Proposal Calls for Fortified Levees

By Tim O'Neil Of the Post-Dispatch | St Louis Post-Dispatch (MO), November 12, 1995 | Go to article overview

Proposal Calls for Fortified Levees


Tim O'Neil Of the Post-Dispatch, St Louis Post-Dispatch (MO)


The Army Corps of Engineers is considering new and higher levees along three stretches of the lower River Des Peres.

The levees would be slightly higher than the record flood crest of Aug. 1, 1993, and would protect three areas along the Des Peres, downstream from Morganford Road.

The project would need the city's approval and about $2 million of city funds. Even if the project gets an OK, construction won't begin for four years and will take two years to complete.

Even areas that don't qualify for work by the corps will get better protection. St. Louis city workers have been working for a year to raise levees downstream from Gravois. And the Metropolitan St. Louis Sewer District has begun building a new line of flood-control pump stations.

The Corps of Engineers is proposing building new levees in three areas:

The south bank of the Des Peres from Morganford Road east to Interstate 55. Behind that bank are 200 homes that were spared inundation when a levee at Columbia, Ill., broke on Aug. 1, 1993, ending the Mississippi River's climb in the St. Louis area.

The north bank of the Des Peres between I-55 and Alabama Avenue. That levee protects the Monsanto Co. plant and the Parque Carondelet Apartments. Low spots in that area were flooded on July 11, 1993, when sandbags east of Alabama failed and flooded about 60 homes and other buildings in the old Carondelet neighborhood.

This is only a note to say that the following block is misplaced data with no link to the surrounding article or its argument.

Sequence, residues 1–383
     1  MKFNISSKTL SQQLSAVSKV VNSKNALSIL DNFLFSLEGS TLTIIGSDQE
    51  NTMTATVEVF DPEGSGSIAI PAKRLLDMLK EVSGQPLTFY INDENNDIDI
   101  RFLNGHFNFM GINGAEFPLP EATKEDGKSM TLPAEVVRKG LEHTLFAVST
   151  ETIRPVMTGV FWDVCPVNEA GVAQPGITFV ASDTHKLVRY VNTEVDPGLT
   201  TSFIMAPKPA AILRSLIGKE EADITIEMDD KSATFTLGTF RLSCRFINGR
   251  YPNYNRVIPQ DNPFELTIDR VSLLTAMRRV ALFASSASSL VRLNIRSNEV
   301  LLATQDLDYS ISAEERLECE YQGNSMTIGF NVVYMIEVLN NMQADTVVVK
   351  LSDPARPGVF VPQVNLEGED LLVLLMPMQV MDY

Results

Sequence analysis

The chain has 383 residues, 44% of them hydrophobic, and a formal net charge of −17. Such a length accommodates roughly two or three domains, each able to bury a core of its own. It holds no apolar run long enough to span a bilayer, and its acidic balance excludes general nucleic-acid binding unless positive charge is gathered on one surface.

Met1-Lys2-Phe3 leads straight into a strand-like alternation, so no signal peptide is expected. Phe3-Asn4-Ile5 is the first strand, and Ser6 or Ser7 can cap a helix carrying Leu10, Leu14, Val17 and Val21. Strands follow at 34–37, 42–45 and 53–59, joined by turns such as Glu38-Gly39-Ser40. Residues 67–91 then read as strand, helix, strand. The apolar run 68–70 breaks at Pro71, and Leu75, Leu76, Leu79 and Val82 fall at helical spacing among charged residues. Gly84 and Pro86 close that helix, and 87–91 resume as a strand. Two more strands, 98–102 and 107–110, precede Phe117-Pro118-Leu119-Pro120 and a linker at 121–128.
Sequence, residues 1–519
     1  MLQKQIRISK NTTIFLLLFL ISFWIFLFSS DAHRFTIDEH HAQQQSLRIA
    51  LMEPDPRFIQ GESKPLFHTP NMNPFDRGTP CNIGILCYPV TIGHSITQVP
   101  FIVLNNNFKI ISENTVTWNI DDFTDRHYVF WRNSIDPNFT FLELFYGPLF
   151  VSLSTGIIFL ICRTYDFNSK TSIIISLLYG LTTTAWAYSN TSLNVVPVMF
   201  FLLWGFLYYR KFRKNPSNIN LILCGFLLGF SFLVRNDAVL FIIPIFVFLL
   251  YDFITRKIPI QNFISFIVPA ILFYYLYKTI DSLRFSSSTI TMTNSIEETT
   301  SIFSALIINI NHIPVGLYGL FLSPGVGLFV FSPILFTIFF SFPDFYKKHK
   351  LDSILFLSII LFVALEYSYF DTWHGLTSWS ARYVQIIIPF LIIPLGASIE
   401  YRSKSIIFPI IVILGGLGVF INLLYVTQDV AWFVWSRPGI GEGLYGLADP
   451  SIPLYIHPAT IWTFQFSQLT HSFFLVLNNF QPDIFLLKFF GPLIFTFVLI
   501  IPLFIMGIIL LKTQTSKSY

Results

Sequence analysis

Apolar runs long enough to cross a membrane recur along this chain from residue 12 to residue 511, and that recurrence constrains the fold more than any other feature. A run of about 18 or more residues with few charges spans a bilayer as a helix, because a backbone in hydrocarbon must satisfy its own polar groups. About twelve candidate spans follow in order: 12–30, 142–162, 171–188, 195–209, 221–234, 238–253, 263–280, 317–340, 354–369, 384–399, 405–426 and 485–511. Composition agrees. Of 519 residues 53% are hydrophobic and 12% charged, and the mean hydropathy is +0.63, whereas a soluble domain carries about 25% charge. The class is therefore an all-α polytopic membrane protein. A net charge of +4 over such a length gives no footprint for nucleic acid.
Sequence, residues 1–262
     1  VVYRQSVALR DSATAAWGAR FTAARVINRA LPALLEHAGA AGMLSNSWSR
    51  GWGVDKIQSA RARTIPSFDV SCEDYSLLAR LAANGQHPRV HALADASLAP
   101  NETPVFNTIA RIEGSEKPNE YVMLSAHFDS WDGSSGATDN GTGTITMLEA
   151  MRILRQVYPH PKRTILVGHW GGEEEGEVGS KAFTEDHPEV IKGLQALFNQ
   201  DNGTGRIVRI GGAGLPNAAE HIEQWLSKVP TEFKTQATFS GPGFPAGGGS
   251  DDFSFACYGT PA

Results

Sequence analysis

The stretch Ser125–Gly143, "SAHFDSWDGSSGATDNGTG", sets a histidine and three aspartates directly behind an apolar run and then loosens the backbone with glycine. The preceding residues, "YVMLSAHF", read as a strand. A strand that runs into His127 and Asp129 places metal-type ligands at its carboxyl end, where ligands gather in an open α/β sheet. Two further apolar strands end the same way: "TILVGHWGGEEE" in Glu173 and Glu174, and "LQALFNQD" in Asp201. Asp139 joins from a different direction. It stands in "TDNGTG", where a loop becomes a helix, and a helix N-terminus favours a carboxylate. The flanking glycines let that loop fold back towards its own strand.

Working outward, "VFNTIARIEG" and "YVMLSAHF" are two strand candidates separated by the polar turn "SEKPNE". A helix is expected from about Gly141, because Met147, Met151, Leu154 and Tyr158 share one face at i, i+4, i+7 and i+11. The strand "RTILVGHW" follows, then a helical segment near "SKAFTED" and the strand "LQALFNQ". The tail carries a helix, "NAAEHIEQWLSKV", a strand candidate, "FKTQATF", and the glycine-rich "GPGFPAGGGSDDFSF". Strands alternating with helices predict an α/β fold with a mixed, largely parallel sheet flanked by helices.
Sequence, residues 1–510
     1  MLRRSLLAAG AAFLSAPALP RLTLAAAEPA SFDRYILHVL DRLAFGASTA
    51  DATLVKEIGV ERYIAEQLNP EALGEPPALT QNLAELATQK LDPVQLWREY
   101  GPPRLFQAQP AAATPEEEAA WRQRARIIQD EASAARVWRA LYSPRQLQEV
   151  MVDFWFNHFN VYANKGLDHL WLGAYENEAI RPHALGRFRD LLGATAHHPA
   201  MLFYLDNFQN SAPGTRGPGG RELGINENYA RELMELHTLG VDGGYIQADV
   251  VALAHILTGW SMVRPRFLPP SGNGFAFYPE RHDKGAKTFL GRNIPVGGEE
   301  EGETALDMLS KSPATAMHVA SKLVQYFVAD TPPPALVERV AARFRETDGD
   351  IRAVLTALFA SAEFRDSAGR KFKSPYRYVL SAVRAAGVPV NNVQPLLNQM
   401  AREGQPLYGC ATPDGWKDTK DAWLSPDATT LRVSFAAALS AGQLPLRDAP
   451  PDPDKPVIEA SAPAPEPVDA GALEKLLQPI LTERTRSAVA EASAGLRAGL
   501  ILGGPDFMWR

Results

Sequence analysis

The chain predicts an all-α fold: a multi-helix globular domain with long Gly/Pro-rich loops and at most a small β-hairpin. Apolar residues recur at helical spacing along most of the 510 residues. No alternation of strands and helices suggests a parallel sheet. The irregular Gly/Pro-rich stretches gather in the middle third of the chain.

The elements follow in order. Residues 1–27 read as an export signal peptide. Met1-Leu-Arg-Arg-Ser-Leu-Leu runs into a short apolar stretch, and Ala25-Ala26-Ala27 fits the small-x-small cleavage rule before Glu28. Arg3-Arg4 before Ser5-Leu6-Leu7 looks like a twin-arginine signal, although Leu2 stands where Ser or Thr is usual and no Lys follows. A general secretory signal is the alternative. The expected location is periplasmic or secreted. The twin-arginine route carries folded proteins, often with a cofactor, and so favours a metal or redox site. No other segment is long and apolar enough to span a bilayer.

The south bank from South Broadway east toward the Mississippi. That is where the river breached sandbags on July 31, 1993, flooding the Defense Mapping Agency center at 8900 Broadway. The agency still operates a printing plant there, but plans to move to new quarters in Arnold in 1998. The U.S. Air Force owns the property at 8900 Broadway.

The corps is considering raising those stretches of levee to a height equaling 50 feet at the Eads Bridge gauge. The crest on Aug. 1, 1993, was 49.6 feet.

The levee work is estimated to cost about $8 million. The corps is asking the city to pay about 25 percent of that.

In proposing where to build new levees, the corps calculated the value of property to be protected. Doing so leaves out the south bank between I-55 east to Lemay Ferry Road (Alabama on the north side) and the north bank between I-55 west to Gravois Avenue. …

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